Rhett Keisler wanted to do something small to help his fellow Texans recover from one of the biggest storms to ever strike the region. It quickly turned into something much bigger.
Revolver Brewing, the beer company he and his father, Ron, founded in 2012, initially planned to make a 60-barrel batch of beer and turn the profits into direct support for relief efforts associated with Hurricane Harvey. But after presenting their Harvey Relief Golden Ale to Texas distributors, retailers and bars, it immediately became apparent their plan was much too modest.
Along with brewmaster Grant Wood and support from majority investor MillerCoors, Revolver upped production of the easy-drinking blonde ale 10-fold, with the first of some 600 barrels making its way onto tap handles in Texas bars and restaurants last week. Six-packs of Harvey Relief are rolling into retailers this week, with 100 percent of profits earmarked for charity.
The Granbury-based brewery, one of the fastest-growing breweries in Texas, will donate the proceeds to a series of nonprofits, starting with the Rebuilding Texas Fund, a disaster-relief fund established in August by Keep Texas Beautiful. Revolver’s distributors also pledged to donate their profits from the beer to charity, Keisler says.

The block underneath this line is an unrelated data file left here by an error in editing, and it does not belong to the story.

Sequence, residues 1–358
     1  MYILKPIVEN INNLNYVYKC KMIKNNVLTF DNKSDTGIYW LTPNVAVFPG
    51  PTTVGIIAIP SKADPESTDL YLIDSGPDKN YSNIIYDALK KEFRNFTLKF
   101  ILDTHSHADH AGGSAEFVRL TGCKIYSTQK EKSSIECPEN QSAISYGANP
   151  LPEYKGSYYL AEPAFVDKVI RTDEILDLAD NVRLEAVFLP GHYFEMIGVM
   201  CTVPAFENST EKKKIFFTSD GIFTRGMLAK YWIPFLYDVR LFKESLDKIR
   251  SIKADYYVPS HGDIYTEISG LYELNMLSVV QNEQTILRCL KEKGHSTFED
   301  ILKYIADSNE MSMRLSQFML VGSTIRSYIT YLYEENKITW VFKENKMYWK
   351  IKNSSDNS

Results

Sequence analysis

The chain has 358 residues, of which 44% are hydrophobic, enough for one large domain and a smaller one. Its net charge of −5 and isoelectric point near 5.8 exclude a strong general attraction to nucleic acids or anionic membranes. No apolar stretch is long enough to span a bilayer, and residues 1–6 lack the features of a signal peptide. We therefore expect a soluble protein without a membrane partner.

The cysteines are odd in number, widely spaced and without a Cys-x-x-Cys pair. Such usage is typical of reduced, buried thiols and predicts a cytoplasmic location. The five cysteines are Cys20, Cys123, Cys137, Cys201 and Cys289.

“There was such strong interest. Everybody wanted to help,” Keisler says. “We saw this as a great way to get the community involved in raising money, and it’s real heart-warming to see everybody get behind such a great cause.”
Brewed with two-row Pilsner and Abbey malt and hopped with Saphir and Citra, the sessionable, 5.2 percent alcohol-by-volume ale is being sold statewide in Texas, including in chains such as H-E-B, Kroger and Buffalo Wild Wings.
The idea for Harvey Relief Golden Ale was hatched as the storm was still spinning in the Gulf of Mexico, says Keisler, who spent much of his youth in the Houston suburb Sugar Land, which was battered by the superstorm. “For us, it was a no-brainer,” he says. “Our heart goes out to those people, and we knew we had to do something to help.”
Revolver, which sold a majority stake to MillerCoors in 2016, partnered with the brewer to first arrange shipment of tens of thousands of cans of drinking water to areas affected by the storm. That was followed by a fleet of trucks filled with emergency supplies such as diapers, paper products, food and other supplies.
Finally came the beer, which was fast-tracked through the planning and approval processes, Keisler says. Revolver’s designers were able to work up a label for the beer within a couple of days. From there, the beer’s name and labels gained approval from Texas regulators, a process that “typically takes a few weeks, but in this case only took a day or two,” Keisler says.
Vendors who make Revolver’s labels and print its six-pack carriers also moved the project to the front of the line, enabling the brewery to push the beer out to retailers less than six weeks after the idea was born.
Now Texans can drink a beer for a good cause, an idea that’s not too hard to get behind.